Tennessee’s Natalie Hayward, an Archbishop Murphy graduate, serves during a game against Texas Tech on Aug. 27 in Knoxville, Tennessee. (University of Tennessee athletics)

Tennessee’s Natalie Hayward, an Archbishop Murphy graduate, serves during a game against Texas Tech on Aug. 27 in Knoxville, Tennessee. (University of Tennessee athletics)

Murphy grad leads Tennessee volleyball into national spotlight

Setter Natalie Hayward has won three SEC Player of the Week awards this season for the 21st-ranked Lady Vols.

When Natalie Hayward was setting for the Archbishop Murphy High School volleyball team, she never envisioned herself playing on college volleyball’s biggest stage.

Yet Wednesday evening, Hayward will take the court at Thompson-Boling Arena on the campus of the University of Tennessee, quarterbacking the Lady Vols as they try to dethrone the national champs before a national television audience.

Tennessee plays its biggest match of the season when the Lady Vols host the Kentucky Wildcats on Wednesday, and for Hayward it’s an opportunity to showcase her development into a top NCAA Division I setter.

“It’s our biggest match of the season, obviously,” Hayward said via cell phone from Knoxville, Tennessee. “We say that about every match that comes, but I think everyone had this one marked on the calendar. It’s an opportunity to shake things up in the Top 25.”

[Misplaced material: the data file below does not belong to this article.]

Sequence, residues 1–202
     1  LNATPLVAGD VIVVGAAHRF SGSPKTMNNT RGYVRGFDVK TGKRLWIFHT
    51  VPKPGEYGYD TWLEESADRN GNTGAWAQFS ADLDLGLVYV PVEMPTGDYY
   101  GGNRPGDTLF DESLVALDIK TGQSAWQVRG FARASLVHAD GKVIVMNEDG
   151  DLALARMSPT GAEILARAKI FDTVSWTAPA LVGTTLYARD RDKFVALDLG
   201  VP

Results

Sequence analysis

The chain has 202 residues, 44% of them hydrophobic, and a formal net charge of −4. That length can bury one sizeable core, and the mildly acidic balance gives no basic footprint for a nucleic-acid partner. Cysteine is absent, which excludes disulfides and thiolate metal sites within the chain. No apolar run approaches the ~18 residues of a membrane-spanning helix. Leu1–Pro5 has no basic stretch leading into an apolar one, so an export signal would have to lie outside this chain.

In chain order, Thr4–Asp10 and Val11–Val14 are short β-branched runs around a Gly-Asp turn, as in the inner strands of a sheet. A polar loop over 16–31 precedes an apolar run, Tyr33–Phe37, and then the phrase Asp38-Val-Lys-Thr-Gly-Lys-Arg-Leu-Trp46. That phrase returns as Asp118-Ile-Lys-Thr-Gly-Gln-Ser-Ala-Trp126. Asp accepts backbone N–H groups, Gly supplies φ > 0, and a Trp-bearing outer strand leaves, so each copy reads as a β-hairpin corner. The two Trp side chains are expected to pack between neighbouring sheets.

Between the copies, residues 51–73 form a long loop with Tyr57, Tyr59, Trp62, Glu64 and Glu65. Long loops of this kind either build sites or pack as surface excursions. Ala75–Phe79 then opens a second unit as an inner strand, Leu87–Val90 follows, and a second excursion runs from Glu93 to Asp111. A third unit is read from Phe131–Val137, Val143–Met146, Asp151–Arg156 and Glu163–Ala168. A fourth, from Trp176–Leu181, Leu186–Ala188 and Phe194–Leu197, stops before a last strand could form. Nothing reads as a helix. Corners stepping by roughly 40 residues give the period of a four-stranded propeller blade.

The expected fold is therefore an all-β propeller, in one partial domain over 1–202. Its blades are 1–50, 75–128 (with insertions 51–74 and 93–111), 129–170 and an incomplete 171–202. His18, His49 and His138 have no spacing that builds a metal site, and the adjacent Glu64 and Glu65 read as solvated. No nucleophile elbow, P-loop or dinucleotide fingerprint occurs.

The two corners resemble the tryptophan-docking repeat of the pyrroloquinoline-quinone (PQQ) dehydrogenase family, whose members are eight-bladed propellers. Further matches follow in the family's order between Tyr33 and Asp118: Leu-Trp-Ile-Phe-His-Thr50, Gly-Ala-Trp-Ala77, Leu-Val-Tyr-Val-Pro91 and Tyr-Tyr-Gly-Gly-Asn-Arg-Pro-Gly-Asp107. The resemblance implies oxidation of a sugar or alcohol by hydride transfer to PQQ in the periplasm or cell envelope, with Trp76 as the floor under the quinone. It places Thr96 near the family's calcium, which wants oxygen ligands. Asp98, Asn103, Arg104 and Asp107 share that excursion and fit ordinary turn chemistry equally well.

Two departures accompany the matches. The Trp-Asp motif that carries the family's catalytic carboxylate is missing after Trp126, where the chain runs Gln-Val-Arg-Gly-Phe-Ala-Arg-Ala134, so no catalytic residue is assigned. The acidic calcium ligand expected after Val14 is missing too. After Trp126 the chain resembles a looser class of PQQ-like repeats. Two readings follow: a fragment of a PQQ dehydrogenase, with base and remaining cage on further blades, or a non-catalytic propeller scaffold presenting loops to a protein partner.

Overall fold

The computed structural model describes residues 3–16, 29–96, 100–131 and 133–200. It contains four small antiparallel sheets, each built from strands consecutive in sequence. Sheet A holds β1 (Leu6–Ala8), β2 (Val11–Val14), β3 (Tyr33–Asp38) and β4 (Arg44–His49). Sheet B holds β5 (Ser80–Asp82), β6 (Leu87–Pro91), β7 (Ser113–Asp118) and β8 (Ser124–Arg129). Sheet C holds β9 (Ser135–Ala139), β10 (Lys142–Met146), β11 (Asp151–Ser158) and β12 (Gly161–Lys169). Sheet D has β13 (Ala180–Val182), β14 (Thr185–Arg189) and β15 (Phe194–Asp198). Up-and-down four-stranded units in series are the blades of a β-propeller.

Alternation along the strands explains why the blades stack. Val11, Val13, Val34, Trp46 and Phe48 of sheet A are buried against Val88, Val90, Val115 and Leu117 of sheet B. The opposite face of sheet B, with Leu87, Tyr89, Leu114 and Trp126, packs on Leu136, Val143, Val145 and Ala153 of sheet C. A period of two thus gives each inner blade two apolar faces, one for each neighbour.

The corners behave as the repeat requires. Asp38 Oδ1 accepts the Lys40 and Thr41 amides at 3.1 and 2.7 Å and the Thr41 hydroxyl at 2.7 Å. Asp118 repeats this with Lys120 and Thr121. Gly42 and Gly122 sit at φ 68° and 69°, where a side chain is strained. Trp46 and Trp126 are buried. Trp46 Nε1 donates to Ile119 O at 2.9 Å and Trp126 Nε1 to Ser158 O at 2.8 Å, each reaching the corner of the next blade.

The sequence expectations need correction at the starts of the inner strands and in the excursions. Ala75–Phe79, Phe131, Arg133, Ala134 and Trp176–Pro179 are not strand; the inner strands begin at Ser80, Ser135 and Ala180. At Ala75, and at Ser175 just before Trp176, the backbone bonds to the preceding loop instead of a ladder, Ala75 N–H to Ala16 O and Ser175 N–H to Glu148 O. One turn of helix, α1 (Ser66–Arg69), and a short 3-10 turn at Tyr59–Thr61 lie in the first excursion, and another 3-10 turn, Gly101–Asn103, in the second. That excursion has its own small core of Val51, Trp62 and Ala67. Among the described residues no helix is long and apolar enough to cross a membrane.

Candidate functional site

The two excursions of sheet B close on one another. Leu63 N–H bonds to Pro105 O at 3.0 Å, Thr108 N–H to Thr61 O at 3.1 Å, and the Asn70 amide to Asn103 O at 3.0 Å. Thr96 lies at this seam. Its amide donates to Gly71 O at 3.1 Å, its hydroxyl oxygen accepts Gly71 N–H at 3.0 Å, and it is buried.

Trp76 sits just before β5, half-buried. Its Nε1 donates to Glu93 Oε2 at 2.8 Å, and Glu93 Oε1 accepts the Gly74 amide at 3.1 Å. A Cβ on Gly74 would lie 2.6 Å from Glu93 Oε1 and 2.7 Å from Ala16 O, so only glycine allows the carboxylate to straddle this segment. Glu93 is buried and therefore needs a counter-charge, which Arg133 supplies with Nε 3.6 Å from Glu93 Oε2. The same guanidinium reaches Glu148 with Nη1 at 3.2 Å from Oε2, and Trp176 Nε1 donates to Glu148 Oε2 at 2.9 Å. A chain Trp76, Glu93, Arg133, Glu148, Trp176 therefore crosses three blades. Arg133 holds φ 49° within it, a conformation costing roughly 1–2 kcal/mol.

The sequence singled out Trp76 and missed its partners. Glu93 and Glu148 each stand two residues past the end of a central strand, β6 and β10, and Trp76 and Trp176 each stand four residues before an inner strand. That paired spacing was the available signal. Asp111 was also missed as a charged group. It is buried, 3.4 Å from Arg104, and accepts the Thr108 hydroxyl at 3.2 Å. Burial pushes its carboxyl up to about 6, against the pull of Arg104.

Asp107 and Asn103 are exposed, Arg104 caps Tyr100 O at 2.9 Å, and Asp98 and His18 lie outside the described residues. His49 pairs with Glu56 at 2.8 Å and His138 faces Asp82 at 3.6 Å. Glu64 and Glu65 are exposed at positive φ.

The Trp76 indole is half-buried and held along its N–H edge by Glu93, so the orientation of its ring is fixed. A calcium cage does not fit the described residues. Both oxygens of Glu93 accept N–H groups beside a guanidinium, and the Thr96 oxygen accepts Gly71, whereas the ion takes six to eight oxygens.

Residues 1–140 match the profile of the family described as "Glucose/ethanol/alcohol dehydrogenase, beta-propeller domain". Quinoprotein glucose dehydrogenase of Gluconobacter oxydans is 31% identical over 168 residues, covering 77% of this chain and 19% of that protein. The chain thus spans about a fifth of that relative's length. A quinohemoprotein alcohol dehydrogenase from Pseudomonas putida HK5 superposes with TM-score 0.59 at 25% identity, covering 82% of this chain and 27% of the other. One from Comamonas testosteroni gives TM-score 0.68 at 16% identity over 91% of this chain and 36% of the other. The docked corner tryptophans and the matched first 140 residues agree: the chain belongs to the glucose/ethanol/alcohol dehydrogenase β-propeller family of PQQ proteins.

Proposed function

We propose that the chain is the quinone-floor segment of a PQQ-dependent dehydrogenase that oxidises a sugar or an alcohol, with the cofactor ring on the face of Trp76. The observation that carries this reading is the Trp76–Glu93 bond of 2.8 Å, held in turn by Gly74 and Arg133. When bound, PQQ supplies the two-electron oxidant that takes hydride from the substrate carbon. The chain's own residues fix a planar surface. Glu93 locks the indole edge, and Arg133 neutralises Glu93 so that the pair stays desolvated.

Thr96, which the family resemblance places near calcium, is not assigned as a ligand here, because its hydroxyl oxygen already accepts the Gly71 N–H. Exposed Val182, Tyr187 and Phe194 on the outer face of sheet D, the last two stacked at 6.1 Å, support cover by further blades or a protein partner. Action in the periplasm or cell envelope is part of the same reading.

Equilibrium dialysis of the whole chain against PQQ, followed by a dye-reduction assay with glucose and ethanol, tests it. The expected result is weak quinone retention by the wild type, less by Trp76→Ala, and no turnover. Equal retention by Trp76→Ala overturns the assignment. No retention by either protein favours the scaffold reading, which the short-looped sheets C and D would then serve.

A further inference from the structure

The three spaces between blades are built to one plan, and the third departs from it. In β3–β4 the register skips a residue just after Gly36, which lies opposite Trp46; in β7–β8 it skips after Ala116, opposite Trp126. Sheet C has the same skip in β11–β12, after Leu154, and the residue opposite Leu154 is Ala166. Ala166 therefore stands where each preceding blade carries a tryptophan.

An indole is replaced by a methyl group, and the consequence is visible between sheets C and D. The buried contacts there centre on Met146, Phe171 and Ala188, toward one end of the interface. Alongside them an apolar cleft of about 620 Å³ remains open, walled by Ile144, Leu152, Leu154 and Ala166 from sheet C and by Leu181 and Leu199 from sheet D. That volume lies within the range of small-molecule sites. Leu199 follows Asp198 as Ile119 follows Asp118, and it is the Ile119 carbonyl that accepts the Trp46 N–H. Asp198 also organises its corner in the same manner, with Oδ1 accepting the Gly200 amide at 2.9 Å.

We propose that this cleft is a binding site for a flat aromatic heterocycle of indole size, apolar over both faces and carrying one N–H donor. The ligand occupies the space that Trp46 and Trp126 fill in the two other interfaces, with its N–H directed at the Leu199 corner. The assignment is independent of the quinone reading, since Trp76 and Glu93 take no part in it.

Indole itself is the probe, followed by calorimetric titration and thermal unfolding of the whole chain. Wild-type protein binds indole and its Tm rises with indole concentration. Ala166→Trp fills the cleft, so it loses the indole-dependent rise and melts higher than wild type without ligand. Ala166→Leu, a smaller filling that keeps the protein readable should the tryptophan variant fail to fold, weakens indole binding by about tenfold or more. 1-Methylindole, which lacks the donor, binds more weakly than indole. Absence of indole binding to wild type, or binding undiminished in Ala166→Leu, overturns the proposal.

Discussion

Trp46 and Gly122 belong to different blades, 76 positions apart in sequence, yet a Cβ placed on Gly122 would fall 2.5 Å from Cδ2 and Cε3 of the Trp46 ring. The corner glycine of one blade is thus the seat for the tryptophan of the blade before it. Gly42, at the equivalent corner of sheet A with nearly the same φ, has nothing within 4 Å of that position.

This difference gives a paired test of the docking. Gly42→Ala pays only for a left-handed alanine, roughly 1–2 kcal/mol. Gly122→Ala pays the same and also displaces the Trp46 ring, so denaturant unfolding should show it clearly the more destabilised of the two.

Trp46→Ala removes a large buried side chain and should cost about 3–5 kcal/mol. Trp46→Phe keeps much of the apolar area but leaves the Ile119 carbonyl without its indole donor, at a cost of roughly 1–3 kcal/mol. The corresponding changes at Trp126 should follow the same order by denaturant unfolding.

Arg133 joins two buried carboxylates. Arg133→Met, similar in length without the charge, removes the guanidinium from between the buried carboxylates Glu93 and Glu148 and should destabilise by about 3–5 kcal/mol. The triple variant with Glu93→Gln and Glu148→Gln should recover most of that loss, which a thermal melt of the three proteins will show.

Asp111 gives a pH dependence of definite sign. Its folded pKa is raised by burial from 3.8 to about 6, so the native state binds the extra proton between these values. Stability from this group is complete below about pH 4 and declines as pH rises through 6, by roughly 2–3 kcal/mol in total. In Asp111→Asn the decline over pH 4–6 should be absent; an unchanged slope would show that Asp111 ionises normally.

Hayward, a 5-foot-11 senior who’s in her second season at Tennessee after playing her first two years at DePaul, has burst onto the scene. She started for the Lady Vols during last year’s coronavirus pandemic-affected season, but she’s taken her game to a new level this season, averaging 10.70 assists per set, which ranks 29th in the nation and is up from 9.53 last season. She’s doing other things, too, as she’s second on the team in digs (2.92 per set) and aces (0.18), and she’s even chipping in 0.93 kills per set as she’s expanded her dump game. Those performances earned Hayward three SEC Setter of the Week honors already this campaign.

More importantly, the Lady Vols are hitting a super-efficient .273 as a team, and they find themselves ranked No. 21 in the nation with a 16-4 record. That doesn’t happen without a setter playing at the top of her game.

“She’s having a great season,” Tennessee coach Eve Rackham Watt said. “She has such a good understanding of how to manage a game. That is an undervalued skill with setters. There are a lot of setters who have great releases on the ball or are super athletic and do other things. But Natalie’s ability to manage a game and understand how to win is what makes her special.”

Yet Hayward never thought she’d find herself playing in a college match between two nationally-ranked teams that’s being broadcast by ESPNU (beginning at 3 p.m. Pacific Time). Hayward, whose parents Laurie (volleyball) and Mike (basketball) were standout athletes at the University of Washington, was a multi-sport athlete growing up, and she played volleyball, basketball and softball at Archbishop Murphy. Therefore, she never thought of herself as a Power Five conference athlete because she didn’t put all her time into just one sport.